A response to a recent POLITICO article:
By Megan J. Brennan – June 14, 2017
The R Street Institute’s trip down memory lane about the U.S. Postal Service (“The lost genius of the Post Office”) gets a few things correct, but on balance is woefully ill-informed and misguided.
What the piece’s author, Kevin Kosar, got right is that the Postal Service has a long and proud history of innovating in our core business. However, he was flat out wrong when he wrote, “The Postal Service—once one of the most impressive and fast-moving information networks ever devised—may end up as a lesson in how not to meet the future.” To the contrary, we have and we will continue to innovate aggressively to maximize value for our customers now and into the future.
The Postal Service is a $70.5 billion business. We pay for our operations entirely through the sale of postal products and services and do not receive tax revenues to support our operations. If we were a private sector company, we would rank 37th in the 2017 Fortune 500. But unlike them, we do so with statutory and regulatory constraints that hinder our financial flexibility, limit our ability to make capital investments, and directly restrain the range of products and services we are permitted to offer our customers.
Even so, we continue to innovate, and today the services provided daily by the Postal Service depend on an astonishing network of people and technologies. Indeed, the Postal Service has accelerated the pace of innovation in recent years in reaction to mail volume declines and the changing marketplace, and as a direct result we are among the most efficient and technologically advanced posts in the world. For example:
- The Postal Service is the world leader in optical character reader (OCR) technology, with machines reading nearly 98 percent of all hand-addressed letter mail and 99.5 percent of machine-printed mail.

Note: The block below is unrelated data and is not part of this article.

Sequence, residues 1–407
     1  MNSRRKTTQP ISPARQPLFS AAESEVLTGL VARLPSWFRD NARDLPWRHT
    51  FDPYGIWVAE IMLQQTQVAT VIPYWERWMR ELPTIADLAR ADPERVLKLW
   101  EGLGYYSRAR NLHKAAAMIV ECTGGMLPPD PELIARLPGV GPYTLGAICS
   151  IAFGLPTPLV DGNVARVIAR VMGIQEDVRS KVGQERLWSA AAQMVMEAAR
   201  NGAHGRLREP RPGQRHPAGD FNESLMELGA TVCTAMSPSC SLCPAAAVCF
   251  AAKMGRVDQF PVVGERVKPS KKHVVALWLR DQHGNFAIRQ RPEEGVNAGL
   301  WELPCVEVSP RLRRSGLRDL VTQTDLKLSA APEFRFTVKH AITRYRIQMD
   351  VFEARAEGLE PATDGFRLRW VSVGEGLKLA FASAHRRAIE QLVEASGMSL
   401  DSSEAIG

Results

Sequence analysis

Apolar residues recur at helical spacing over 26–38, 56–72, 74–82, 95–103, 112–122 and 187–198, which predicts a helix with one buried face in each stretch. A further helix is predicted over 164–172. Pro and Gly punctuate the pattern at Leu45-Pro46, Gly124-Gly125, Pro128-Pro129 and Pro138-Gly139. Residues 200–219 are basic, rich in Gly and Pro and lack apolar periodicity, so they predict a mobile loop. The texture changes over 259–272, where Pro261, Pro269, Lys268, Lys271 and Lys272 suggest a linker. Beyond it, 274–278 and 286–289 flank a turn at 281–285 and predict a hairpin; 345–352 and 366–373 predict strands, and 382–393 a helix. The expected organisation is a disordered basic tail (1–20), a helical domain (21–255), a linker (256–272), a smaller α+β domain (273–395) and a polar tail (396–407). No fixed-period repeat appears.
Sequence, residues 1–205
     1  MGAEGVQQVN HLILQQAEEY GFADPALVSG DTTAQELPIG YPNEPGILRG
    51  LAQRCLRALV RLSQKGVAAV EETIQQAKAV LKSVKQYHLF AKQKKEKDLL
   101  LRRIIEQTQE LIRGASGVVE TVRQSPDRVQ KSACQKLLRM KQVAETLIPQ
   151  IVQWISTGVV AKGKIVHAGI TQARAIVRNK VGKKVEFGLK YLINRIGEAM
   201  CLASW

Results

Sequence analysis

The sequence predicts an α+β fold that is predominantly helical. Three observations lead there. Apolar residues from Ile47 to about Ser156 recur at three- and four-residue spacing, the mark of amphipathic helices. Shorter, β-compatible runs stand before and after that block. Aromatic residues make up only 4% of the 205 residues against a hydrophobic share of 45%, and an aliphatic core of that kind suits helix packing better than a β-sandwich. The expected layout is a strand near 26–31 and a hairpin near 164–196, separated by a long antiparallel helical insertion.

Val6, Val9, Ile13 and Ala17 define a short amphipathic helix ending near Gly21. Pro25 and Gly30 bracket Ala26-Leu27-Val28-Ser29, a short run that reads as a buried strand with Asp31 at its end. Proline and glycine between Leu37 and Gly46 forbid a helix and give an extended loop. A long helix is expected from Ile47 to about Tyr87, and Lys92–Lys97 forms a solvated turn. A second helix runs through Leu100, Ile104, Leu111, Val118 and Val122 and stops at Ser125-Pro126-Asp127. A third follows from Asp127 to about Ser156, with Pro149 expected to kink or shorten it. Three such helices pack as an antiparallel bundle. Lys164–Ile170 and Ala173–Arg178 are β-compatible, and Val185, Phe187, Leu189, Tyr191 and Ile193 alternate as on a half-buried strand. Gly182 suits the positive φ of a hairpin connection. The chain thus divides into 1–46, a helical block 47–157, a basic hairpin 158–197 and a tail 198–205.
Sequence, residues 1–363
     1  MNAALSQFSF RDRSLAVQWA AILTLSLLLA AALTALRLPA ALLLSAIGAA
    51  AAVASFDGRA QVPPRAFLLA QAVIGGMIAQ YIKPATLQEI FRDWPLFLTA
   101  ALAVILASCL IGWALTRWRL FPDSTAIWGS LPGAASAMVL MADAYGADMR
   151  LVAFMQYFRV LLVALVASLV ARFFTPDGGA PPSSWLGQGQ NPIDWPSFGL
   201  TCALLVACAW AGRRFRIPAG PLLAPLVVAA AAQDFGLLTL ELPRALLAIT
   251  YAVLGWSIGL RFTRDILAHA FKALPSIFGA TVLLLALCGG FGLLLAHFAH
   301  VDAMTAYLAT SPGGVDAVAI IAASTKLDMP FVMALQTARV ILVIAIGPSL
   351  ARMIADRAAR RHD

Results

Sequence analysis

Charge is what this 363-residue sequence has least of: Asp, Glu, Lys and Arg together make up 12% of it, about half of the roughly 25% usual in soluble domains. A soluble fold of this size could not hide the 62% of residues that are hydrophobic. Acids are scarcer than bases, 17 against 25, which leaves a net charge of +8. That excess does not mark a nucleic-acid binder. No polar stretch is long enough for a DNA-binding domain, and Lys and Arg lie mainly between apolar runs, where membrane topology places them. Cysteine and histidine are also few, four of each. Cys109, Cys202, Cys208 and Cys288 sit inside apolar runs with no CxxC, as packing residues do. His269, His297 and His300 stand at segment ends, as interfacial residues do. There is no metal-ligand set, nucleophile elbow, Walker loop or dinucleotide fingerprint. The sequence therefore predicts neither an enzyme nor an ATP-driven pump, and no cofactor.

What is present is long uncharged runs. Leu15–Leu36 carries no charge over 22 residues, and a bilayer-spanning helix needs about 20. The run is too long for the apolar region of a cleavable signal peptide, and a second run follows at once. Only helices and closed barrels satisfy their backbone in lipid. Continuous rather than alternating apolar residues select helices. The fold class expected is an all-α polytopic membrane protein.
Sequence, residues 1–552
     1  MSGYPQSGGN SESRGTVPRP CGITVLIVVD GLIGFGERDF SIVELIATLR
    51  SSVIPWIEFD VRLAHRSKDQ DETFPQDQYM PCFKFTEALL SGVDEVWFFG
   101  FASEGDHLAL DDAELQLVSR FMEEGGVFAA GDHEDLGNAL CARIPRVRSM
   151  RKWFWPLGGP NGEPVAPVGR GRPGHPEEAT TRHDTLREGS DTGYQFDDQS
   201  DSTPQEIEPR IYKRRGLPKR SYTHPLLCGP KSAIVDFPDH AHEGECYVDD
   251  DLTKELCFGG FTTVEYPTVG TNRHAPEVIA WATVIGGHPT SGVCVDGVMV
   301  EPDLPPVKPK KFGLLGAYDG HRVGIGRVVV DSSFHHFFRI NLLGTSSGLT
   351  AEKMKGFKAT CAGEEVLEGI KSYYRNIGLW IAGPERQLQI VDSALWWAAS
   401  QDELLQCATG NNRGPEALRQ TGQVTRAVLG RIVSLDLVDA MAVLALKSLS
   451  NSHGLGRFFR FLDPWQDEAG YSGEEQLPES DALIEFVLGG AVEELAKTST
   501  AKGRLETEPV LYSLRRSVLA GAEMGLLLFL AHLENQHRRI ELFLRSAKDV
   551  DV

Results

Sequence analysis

- We use more than 8,500 pieces of automated processing equipment to sort nearly half of the world’s mail.
- We have the largest gantry robotic fleet in the world, using 174 robotics systems to move 314,000 mail trays per day.
- We deploy and leverage more than 260,000 handheld scanners that provide unprecedented visibility and insights into mail movement, location and speed as well as safety.
We continue to power America’s e-commerce growth by constantly enhancing our shipping products and solutions — through new Priority Mail features, Sunday delivery, and digital integrations. We were the first — and continue to be the only — major provider of Sunday delivery for e-commerce packages; today we make more e-commerce deliveries than any other company and we are committed to playing an ever larger role in America’s e-commerce economy.
For our business customers, we are reinventing the role mail plays in America’s marketing mix. We now provide real-time data about mail flow.
Intelligent Mail barcodes have increased the value of mail for our customers and improved our processing and delivery performance. These barcodes identify individual pieces of mail, trays, sacks and containers of mail and track them through the processing system — from induction to delivery — allowing end-to-end visibility of the mailstream.
As we make our network smarter and more capable, we are enabling a new generation of innovations that tighten the connection between the physical and the digital. One of the most visible innovations of the Postal Service is Informed Delivery, which provides consumers with an e-mail preview of the outer image of mail that will soon be delivered to them. This offering is now available nationwide and will continually be enhanced. Informed Delivery enables our business customers to append digital offers to images of their mail, and to enhance their engagement and interaction with consumers.
A piece of mail can launch a Web site or a video, or ignite an interactive experience. Technologies are making print advertising more engaging and interactive. For example, customers can use their smart-phones or tablets to scan 2-D barcodes to directly link to Web sites and other online media. And, augmented reality is turning printed information into a virtual experience, heightening engagement with the mailpiece and increasing impact and use. To help showcase these physical-to-digital experiences, the Postal Service has developed a best practices Web site and catalog for mailers and potential mailers: http://www.irresistiblemail.com/.
As the world changes to thrive in a digital environment so does the Postal Service. We have always evolved and innovated to drive the best value and experience for our customers and we continue to do so now and will into the future.
Megan J. Brennan is Postmaster General and CEO of the United States Postal Service.